We’ve got lots of CEO defending their “entitlements” on TV, and we sure do have a lot of retirees defending their “entitlements” here.

  21. Karl K says:

    Yep, Barry, the minute you trot out a Republican, the class warfare mob comes screaming onto the board…”the rich guy has gotten all the tax breaks and now wants to take stuff away from the little guy.”

    Well, class warfare nuts, got some some news for you. If we were to take every last nickel from every billionaire in this country RIGHT NOW, and salted it away to pay for Medicare or Social Security…guess what?

    It would do NOTHING…repeat NOTHING…. to forestall the inevitable crisis that will face us.

    So, yeah, it feels wonderfully smug and self-satisfying to be the demagogue and rail against the “hypocrisy” of guys like Petersen.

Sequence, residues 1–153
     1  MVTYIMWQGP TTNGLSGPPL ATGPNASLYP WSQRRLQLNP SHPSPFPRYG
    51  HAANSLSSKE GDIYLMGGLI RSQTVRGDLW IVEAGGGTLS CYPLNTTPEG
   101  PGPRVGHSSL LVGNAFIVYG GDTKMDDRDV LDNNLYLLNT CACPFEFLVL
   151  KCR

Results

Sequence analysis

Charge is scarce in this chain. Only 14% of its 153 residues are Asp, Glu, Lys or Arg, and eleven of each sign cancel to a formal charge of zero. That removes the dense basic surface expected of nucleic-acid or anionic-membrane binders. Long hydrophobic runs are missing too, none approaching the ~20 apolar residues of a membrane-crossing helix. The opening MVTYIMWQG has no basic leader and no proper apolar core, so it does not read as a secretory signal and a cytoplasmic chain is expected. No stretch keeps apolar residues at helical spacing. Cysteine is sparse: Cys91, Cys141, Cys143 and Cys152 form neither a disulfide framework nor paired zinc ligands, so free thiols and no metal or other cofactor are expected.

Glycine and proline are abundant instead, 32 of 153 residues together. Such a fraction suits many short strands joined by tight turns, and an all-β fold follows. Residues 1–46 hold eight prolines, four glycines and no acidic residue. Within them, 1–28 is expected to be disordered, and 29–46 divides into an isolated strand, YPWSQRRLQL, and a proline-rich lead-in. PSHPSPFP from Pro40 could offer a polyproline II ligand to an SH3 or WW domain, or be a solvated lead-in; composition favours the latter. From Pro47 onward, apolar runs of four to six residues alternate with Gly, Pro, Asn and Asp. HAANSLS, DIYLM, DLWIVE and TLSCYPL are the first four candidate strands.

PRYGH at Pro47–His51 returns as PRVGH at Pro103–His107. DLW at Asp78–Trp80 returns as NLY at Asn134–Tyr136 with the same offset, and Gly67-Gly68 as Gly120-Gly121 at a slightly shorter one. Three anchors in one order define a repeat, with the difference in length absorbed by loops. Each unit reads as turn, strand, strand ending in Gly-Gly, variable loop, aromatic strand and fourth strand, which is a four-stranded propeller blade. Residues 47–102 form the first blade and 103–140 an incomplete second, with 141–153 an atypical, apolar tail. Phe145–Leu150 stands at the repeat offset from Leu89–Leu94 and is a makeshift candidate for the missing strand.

But once you’re done doing the financial equivalent of Code Pink, whaddya got?

    Same problem. Same issues. Same tough decisions.

  22. VJ says:

    Ah, what “crisis” ?

    * The only “crisis” with Social Security is the manufactured one. Social Security is more financially sound today than it has been throughout most of its 72-year history.

    * The administrative overhead in Medicare is 2%. Medicare loses about 10% to fraud by providers. So 88% goes to provide medical care.

    The administrative overhead in the private sector health insurance companies is 30%, which goes to Executive Salaries, Shareholder Dividends, Sales Commissions, and Advertising & Marketing. Then there’s another 10%-15% that goes to profit. They lose 15% to fraud by providers. We’re not even getting to the corporate jets, the corporate yachts, the corporate penthouse condos, the corporate golf course, and the tall mirrored-glass headquarters building. So for every dollar you pay in healthcare premiums, well less than half goes to medical care.
    .